I used to buy the fancy looking reptile rock dishes that cost $9.99 and what not but now I use those relatively flat plastic petri dish type bottoms that you use for plants so the water doesn't leak from their pots. You can get those for like $.50 each. They are low enough that it can climb out if it climbs in but still reasonably sized so that you can give it a good amount of water.

    I would go with the smaller size ones. Not sure of the exact diameters but you will see them on the shelf. Bury it 3/4 into the substrate.
    https://www.lowes.com/pd/6-Clear-Sa..._clickID=8a69867e-2024-4276-b820-2d982975fc2d
     
  10. antsman

    antsman Arachnopeon

    Scorpion Feb 20 2017 (1).JPG Scorpion Feb 20 2017 (2).JPG Scorpion Feb 20 2017 (3).JPG Scorpion Feb 20 2017 (4).JPG Scorpion Feb 20 2017 (5).JPG Scorpion Feb 20 2017 (6).JPG Scorpion Feb 20 2017 (7).JPG Scorpion Feb 20 2017 (8).JPG Scorpion Feb 20 2017 (9).JPG
     
    • Like Like x 1
  11. antsman

    antsman Arachnopeon

    I just put a petri dish bottom in, 4" diameter 1/2" deep. I think I'll keep it in this container as it seems fine, just ordered some more substrate and coconut husk. And a spray bottle.
     
    Last edited: Feb 20, 2017
  12. Collin Clary

    Collin Clary Arachnobaron Arachnosupporter

    It looks to be a Heterometrus petersii, and a male, judging by the enlarged tooth on the movable finger of the chela. The best way to get a look at the pectines is to put them in a clear container with a tight fitting lid. Once the scorpion is in the container, take some cloth, and gently pack it over the scorpion so that it's snug on the bottom of the container. Then put the lid on to secure the cloth and scorpion in place, and flip the container upside down. The pectines should be easily visible.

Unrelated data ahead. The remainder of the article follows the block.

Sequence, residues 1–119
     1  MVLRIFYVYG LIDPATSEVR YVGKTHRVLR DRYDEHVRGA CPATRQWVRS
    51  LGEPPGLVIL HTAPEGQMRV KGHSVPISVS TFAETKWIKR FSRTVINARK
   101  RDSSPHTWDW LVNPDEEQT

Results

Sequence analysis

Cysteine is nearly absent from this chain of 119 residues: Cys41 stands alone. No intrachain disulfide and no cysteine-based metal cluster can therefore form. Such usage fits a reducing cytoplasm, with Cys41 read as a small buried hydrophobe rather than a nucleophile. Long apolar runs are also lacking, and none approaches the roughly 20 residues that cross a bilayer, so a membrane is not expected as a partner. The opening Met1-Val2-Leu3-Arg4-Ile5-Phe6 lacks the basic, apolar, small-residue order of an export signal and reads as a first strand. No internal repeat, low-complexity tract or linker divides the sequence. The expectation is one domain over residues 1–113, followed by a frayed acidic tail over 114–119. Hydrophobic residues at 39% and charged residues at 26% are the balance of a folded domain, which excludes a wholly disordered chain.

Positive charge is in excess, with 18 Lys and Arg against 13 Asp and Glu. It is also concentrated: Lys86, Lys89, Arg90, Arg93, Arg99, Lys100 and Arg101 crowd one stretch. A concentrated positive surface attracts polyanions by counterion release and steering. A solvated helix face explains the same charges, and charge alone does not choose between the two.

13. darkness975

    darkness975 Dream Reaper Arachnosupporter

    The sex of the specimen does not affect the care of it at all. The sex is mostly for keeper curiosity and breeding purposes for those who wish to breed them.
     
  14. Moakmeister

    Moakmeister Arachnobaron Active Member

    330
    633
    98
    Texas
    find that superworm boi
     
  15. antsman

    antsman Arachnopeon

    I moved him to a new enclosure, when I did I searched through every speck of the substrate and it was gone so I assumed he must have eaten it.
     
  16. antsman

    antsman Arachnopeon

    I got a spray bottle and more substrate is on the way, along with some other goodies.
    Soon as I misted his enclosure he came right out, and I'm not sure if I should have but I misted him as well and he seemed to like it.
     
  17. antsman

    antsman Arachnopeon

    I wanted to know for naming him mostly, and to get a rough idea of his lifespan, females live quite a bit longer correct?
     
  18. antsman

    antsman Arachnopeon

    I just named him Basil Greek for kingly.
     
  19. WeightedAbyss75

    WeightedAbyss75 Arachnodemon Active Member

    I think that scorpions are a little different from tarantulas. Where male T's will live for 4-6 years while the female may live for 15-20, I think male scorps are only years off from the female's life span. Not sure, but I know that most scorps don't die soon after maturing :) Like the name btw :D
     
  20. darkness975

    darkness975 Dream Reaper Arachnosupporter

    Generally there is not much noticeable difference in life span between male and female Scorpions. Unlike Tarantulas which have a very noticeable difference in life spans.